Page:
The Closedown Period under the Holidays Act 2003
The importance of Labour Day coming up on the fourth Monday in October (24 October 2022) is the historic recognition of the 8-hour workday which led to the standard 40-hour week, and also heralded in entitlements to annual holidays, now set out in the Holidays Act 2003.
Labour day which morphs into the traditional long Labour weekend holiday is also the prelude to long summer days that unfortunately coincide with the stressful end-of-year exam period at universities around the country. Notably, it is the last public holiday before Christmas and Christmas is the last public holiday in 2022, falling on Sunday 25 December.
But there is also an important date that falls between Labour Day and Christmas day.
This is called the Closedown Period for some businesses. It is a period when the employer customarily closes its operations or discontinues the work of one or more employees, and requires employees to take all of their, or some of their annual holidays during the closedown.
The Holidays Act 2003 sets out the meaning of the closedown period under section 29:
In this section and sections 12(3A) and 30 to 35, closedown period means a period during which an employer customarily – (a) closes the employer’s operations or discontinues the work of one or more employees; and (b) requires the employer’s employees to take all or some of their annual holidays.
Employers that wish to close their business over the Christmas and New Year period are required to give at least two weeks’ notice before the Closedown.
The Holidays Act 2003 sets out the requirement to take annual holidays during the closedown period under section 32:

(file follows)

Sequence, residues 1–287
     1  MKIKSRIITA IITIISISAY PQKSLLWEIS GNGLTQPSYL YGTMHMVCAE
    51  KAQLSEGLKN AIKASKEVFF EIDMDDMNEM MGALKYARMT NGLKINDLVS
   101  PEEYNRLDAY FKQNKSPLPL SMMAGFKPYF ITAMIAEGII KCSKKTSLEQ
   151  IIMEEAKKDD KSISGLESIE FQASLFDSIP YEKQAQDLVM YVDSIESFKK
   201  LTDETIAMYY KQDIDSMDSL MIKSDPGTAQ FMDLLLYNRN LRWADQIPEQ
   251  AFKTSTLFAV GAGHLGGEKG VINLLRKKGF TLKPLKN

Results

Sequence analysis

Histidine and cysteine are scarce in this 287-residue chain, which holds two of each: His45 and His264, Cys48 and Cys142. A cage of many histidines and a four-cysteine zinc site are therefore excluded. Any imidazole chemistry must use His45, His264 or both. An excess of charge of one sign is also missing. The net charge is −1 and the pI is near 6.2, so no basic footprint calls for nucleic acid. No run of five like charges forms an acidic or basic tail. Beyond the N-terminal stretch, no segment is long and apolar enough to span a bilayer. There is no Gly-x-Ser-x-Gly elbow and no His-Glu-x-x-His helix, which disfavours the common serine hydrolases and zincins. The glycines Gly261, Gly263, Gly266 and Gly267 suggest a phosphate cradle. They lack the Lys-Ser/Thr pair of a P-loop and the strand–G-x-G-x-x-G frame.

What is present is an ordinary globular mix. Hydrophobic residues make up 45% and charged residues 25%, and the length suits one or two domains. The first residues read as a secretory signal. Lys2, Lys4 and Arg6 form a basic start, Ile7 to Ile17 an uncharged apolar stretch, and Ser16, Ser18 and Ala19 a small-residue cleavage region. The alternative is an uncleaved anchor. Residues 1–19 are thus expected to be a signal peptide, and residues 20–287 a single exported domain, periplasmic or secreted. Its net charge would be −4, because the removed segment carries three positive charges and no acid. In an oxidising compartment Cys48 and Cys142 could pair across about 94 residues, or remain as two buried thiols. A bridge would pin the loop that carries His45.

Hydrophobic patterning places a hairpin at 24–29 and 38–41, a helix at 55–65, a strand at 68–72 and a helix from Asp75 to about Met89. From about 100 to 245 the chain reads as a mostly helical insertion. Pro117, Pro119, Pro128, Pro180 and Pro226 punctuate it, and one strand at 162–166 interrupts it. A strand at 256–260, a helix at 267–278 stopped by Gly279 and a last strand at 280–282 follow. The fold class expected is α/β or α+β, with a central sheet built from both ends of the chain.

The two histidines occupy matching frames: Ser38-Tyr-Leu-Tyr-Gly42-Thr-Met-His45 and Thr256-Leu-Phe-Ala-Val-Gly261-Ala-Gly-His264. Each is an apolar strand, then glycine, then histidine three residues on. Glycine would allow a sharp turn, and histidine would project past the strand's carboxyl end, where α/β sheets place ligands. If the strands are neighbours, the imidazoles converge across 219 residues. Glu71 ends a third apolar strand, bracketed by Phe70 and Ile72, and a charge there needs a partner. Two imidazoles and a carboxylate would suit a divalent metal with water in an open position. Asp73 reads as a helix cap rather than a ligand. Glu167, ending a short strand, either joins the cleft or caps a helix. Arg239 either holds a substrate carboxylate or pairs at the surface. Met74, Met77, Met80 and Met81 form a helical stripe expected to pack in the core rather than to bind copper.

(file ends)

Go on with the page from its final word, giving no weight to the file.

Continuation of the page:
- An employee who is entitled to annual holidays at the commencement of a closedown period must, if required to do so by his or her employer, take annual holidays during the closedown period whether or not the employee agrees to take the holidays.
- An employee who is not yet entitled to annual holidays at the commencement of a closedown period must, if required to do so by his or her employer, discontinue the employee’s work during a closedown period.
- If this section applies, the employer must give the employee not less than 14 days’ notice of the requirement to take the annual holidays or to discontinue the work (as the case may be).
The concept of customarily closes has been interpreted by the courts as meaning that a new employer could not have a closedown period under the Holidays Act 2003 during its first year of operation: Kerr v Croisilles Oysters Ltd  NZERA Christchurch 2016. If an employer wants to carry out a closedown in this situation, or any other arrangement for closures, the employer will have to seek agreement with its employees. This requirement is set out in section 30 of the Holidays Act 2003:
(1) For the purposes of sections 31 to 35 , the employer may have only 1 closedown period in any 12-month period.
(2) However, subsection (1) does not prevent an employer and employee from agreeing—
(a) that the employer may close his or her operations and discontinue the work of the employee at other times; and
(b) on the arrangements that will apply during those times.
(3) If subsection (2) applies, sections 32 to 35 do not apply.
Other closedown arrangements can be agreed to between the employer and employee, including closedown periods for separate parts of the business. The latter requirement is set out in section 31 of the Holidays Act 2003 which states:
To avoid doubt, an employer may have different closedown periods for each separate part of the employer’s business.
Discussions in good faith with staff
An early discussion in good faith with employees about the employer’s past practices during the closedown period and present intentions at the end of the year will be helpful to both the employer’s and employee’s holiday plans.
The discussions must include such matters as the requirement of employees to take annual holidays during the closedown period. For staff that are not entitled to annual holidays, conversations must be had around the requirement to discontinue work during this period. These would be casual staff or staff that are not yet eligible for annual leave. Other matters raised above can also be held at any time.
Practically and ensuring the notice period of two weeks is complied with, these discussions should take place at or before 9th December 2022 assuming the last day of work is 23rd December 2022.
How the Employer’s & Manufacturers Association (EMA) can help
EMA are here to advise or assist with the early discussions and the content of the notice. Contact us to discuss what we can do for your business, on 0800 300 362.